Personality disorders are not like any other kind of psychological illness. The first and most important thing one should do when dealing with disorders of the personality is learn as much as possible about the disorder. Personality disorder is a term used to describe someone who has a maladaptive and severe way of relating to others and adjusting to his or her surroundings. The most hindering aspect of a personality disorder is that persons with one generally do not see any need to change their behaviors, they see their disorder traits as being quite natural.
There are three types of personality disorders. The first type is the eccentric type, including schizoid, paranoid, and schizotypal disorder. People with this type of disorder tend to have problems relating to others and have little interest in developing relationships. The second type is the dramatic type, including narcissistic, antisocial, histrionic, and borderline disorders. People with any of these disorders are often unpredictable, violent, self-centered, and have trouble with relationships, The third type is the anxious type which includes dependent, avoidant, and obsessive-compulsive disorders. This one is self-explanatory, people with these types of disorders are most often fearful and anxious.
Because people with personality disorders do not recognize that they have a problem, they are reluctant to go for treatment. Even for those who do reluctantly go to treatment, they tend to drop out or refuse to cooperate because they feel threatened, overwhelmed, and depressed. It depends on the type of disorder as to how it would best be treated, but all personality disorders must be treated with some type of psychotherapy. While drug therapies are useful to control symptoms they cannot change the behavior patterns.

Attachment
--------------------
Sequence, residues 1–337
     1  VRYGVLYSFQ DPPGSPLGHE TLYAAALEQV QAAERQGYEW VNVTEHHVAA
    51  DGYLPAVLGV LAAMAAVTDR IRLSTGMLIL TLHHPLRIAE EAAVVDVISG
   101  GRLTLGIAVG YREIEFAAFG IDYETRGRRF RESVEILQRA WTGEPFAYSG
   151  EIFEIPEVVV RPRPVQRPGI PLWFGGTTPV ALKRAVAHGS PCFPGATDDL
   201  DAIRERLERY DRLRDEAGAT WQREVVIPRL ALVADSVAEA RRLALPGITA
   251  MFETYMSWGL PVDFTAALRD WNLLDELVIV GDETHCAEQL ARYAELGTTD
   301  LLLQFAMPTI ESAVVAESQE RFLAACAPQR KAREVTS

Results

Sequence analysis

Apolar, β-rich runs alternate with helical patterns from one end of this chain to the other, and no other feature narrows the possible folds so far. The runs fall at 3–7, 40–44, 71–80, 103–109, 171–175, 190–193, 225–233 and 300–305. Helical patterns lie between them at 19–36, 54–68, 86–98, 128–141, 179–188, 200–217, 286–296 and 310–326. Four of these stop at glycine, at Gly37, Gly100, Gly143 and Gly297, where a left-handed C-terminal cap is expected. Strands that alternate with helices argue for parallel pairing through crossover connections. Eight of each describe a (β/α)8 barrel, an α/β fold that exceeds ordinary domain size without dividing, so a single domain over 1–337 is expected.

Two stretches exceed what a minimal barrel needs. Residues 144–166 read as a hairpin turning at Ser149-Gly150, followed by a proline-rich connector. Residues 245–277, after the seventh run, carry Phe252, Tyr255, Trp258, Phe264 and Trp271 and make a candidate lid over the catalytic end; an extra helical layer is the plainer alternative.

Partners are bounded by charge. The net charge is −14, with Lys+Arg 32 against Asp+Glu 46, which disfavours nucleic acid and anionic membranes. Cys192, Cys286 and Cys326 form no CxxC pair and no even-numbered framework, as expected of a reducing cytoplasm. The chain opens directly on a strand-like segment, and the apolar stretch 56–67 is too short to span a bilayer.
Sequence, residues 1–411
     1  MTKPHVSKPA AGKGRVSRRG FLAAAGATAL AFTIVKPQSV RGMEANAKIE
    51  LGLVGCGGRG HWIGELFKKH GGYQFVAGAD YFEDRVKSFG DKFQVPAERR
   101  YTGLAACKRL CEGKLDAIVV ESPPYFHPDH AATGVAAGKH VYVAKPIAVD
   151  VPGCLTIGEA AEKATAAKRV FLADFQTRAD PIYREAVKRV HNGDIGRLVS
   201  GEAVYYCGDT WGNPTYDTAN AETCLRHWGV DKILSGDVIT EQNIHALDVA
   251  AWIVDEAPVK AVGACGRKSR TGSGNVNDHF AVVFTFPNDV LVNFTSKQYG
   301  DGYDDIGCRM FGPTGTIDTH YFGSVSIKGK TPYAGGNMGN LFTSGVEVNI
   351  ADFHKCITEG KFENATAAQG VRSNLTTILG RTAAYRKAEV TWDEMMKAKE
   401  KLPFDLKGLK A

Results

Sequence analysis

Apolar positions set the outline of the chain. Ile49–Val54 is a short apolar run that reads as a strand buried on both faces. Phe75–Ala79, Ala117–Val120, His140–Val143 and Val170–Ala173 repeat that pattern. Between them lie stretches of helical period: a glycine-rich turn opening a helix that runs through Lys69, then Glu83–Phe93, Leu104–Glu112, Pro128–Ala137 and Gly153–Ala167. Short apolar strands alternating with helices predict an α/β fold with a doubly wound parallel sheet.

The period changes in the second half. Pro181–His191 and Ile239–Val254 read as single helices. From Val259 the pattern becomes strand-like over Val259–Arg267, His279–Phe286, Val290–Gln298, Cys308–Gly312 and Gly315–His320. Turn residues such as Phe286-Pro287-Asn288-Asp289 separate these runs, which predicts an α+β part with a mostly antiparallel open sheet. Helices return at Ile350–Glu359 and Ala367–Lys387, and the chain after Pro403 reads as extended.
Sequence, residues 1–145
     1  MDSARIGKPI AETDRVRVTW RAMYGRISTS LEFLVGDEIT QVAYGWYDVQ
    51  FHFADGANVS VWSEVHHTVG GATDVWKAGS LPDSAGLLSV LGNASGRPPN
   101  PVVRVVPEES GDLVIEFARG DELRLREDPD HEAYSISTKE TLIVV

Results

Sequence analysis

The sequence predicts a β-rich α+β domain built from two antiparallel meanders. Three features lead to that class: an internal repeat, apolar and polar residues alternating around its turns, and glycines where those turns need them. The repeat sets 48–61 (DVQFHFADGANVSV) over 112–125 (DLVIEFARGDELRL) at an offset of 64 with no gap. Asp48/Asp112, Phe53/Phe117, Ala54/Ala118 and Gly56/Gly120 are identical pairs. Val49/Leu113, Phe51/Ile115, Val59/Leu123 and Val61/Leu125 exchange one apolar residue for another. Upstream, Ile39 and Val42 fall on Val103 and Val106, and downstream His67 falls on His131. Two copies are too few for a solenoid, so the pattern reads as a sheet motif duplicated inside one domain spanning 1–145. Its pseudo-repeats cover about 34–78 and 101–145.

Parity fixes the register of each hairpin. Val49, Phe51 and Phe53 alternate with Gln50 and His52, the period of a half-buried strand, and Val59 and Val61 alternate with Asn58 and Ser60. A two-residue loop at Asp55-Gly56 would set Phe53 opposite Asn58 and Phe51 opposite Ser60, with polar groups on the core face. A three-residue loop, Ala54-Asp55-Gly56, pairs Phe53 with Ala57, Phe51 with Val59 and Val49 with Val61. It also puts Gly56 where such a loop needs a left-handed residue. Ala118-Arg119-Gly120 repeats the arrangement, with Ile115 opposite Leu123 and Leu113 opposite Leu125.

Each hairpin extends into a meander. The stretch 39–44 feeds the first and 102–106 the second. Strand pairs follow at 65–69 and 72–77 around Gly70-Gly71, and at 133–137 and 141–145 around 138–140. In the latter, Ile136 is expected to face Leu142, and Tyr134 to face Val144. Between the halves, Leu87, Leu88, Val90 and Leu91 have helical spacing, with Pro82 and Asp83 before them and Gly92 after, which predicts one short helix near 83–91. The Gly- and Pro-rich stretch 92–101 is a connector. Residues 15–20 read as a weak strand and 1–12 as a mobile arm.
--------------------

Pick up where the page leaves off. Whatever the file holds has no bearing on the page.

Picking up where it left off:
When someone with a personality disorder refuses treatment, the family often suffers. It is often just as important for the family to seek some type of counseling as it is for the person with the personality disorder. First of all, members of the family need to set firm boundaries with the person afflicted, a sort of tough love, so to speak. It is vital not to feel guilty about the behaviors of the family member who suffers from the disorder, just as it is vital to develop self-care strategies. For example, antisocial personality and borderline personality types can be dangerous to others so in instances of violence an escape plan may be needed. It is important for family members to accept the feelings and behaviors of the individual, rather than belittle and correct them; but is equally important to passively point out when these behaviors are hindering and point out alternative ways of dealing with situations, and try to avoid stressors within the relationship. The family should be seen not as the enemy, but as the ally.
It can be a difficult life living with someone who has a diagnosis of personality disorder, but the more you understand it, the better you will be able to cope.
Source: Nevid, J.S., Rathus S.A., and Greene, B. (2006). Abnormal psychology in a changing world, 6th ed. New
Jersey: Pearson Prentice Hall.